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For strong companies, difficult market conditions can represent a window of opportunity to tailor their business portfolios through divesture and accelerate the drive to achieve high performance. Accenture identifies four basic steps that should be followed and the leading practices that can help ensure success.
High-performance businesses recognize that long-term success requires gaining and shedding assets and capabilities as conditions warrant. But can divesture be part of a strategy for high performance in the current economic environment?
For a minority of companies, difficult market conditions present an opportunity to tailor their business portfolio via divestures and raise capital for acquisitions—a limited window of opportunity for the strong to accelerate their pursuit of high performance. But for the majority, divesture plays a survival role by helping conserve cash and reduce costs during the recession.
How, then, can companies improve the results they get from divestiture and do so in an accelerated time frame?
When developing its divestiture strategy, a company should comprehensively assess its corporate portfolio to identify opportunities for value creation. This entails four basic steps:
Aligning assets with the business’ best opportunities. This step begins with a careful study of the growth opportunities for the business as a whole, paired with an understanding of the potential value of each unit to an external buyer.
Developing a timing strategy for the separation and divestiture transaction. In most instances, it is best to start with the carving-out of a business unit before, or at least in parallel with, the sale process.
Understanding the boundaries of assets being considered for divestiture. A company must take into consideration the strategic fit of the business unit as a whole and its constituent parts within the parent company.
Packaging those assets for maximum value. The final step is to make the divestment target as attractive as possible to the most likely acquirers.
Once it is clear which assets to divest and how they should be packaged, a number of leading practices can help ensure successful execution. To start with, it is critical to avoid underestimating the impact of divestiture on daily business and, subsequently, put effective program management in place to handle this impact. Second, a company must plan for the future success of the divestiture target, and make sure accountability between the parent company and the to-be-divested organization is clearly defined. Finally, it is vital for a divesting company to maintain an open dialogue and stay flexible as the transaction unfolds.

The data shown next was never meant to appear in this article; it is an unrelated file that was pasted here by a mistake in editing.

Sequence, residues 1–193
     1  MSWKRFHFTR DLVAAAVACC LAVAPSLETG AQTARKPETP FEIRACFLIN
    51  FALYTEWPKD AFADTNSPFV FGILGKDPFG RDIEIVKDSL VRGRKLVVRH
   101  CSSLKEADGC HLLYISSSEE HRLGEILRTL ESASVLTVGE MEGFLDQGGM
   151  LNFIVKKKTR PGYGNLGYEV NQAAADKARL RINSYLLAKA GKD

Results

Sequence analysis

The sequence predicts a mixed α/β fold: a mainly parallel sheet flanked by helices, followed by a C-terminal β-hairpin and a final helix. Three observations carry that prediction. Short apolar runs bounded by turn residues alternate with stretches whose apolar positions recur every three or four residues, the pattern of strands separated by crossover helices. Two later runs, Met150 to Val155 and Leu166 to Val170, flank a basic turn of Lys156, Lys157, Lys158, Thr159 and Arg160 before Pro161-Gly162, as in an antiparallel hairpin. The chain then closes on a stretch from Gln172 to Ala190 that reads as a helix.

Other important practices include:
Strong program management. A divesture is not business as usual: different skills and additional capacity are required for success. In turn, strong program management will be required to keep the process on track and ensure business continuity.
Future success. Begin planning for the future success of the divesture target identifying the functions and people needed to support the divested business unit once it becomes independent.
Accountability. In Accenture’s experience, problems often arise when the selling company and the unit to be divested fail to agree on which party is responsible for making the transaction a success.
Flexibility. It may be tempting to settle on a specific divesture formula early on in the process, but the most successful divestures are those in which both organizations pursue different paths for as long as they can to help maximize the value to be gained from the deal.
Andy Tinlin, a senior executive in Accenture Strategy, leads the company's global Mergers & Acquisitions group. With nearly 20 years' experience in consulting, Tinlin works with the boards of leading clients to help address their strategic and operational issues in areas such as growth strategy, M&A and business transformation. Before joining Accenture, Tinlin held a number of management positions in commercial organizations. He is based in London.
Mirko Dier is a senior executive in Accenture's Growth Strategy group and global lead for our Merger Integration unit. He joined Accenture in 1995 and works with leading clients to solve the strategic and operational problems involved with corporate strategy development, merger and acquisition engagements, post-merger integration and business transformation, especially in the resources industry. He is based in Munich.
Kelly Good is a senior executive in Accenture’s Growth Strategy group and is the lead for the merger integration unit in North America. She has more than 15 years’ experience across the spectrum of M&A, merger integration, divestiture, portfolio management, corporate transformation and strategy consulting with Fortune Global 1000 clients. Good has extensive cross-cultural experience and has led close to 20 major cross-border transactions across industries in North America, Europe and Asia Pacific. She is based in San Francisco.
June 6, 2011
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